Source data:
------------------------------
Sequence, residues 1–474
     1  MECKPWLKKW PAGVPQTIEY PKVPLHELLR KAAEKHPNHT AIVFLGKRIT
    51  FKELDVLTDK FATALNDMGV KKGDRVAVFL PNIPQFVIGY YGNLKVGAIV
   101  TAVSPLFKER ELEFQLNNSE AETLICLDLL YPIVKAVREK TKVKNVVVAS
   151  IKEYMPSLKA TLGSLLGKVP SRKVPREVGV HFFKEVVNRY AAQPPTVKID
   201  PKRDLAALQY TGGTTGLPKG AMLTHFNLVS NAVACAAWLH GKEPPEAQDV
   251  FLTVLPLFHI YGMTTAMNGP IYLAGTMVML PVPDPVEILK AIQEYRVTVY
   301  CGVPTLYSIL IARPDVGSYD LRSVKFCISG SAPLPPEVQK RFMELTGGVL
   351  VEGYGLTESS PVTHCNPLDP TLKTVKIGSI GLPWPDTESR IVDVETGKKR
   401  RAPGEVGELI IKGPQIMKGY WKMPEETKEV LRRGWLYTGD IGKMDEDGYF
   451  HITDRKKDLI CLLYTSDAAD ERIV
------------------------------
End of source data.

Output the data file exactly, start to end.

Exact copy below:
Sequence, residues 1–474
     1  MECKPWLKKW PAGVPQTIEY PKVPLHELLR KAAEKHPNHT AIVFLGKRIT
    51  FKELDVLTDK FATALNDMGV KKGDRVAVFL PNIPQFVIGY YGNLKVGAIV
   101  TAVSPLFKER ELEFQLNNSE AETLICLDLL YPIVKAVREK TKVKNVVVAS
   151  IKEYMPSLKA TLGSLLGKVP SRKVPREVGV HFFKEVVNRY AAQPPTVKID
   201  PKRDLAALQY TGGTTGLPKG AMLTHFNLVS NAVACAAWLH GKEPPEAQDV
   251  FLTVLPLFHI YGMTTAMNGP IYLAGTMVML PVPDPVEILK AIQEYRVTVY
   301  CGVPTLYSIL IARPDVGSYD LRSVKFCISG SAPLPPEVQK RFMELTGGVL
   351  VEGYGLTESS PVTHCNPLDP TLKTVKIGSI GLPWPDTESR IVDVETGKKR
   401  RAPGEVGELI IKGPQIMKGY WKMPEETKEV LRRGWLYTGD IGKMDEDGYF
   451  HITDRKKDLI CLLYTSDAAD ERIV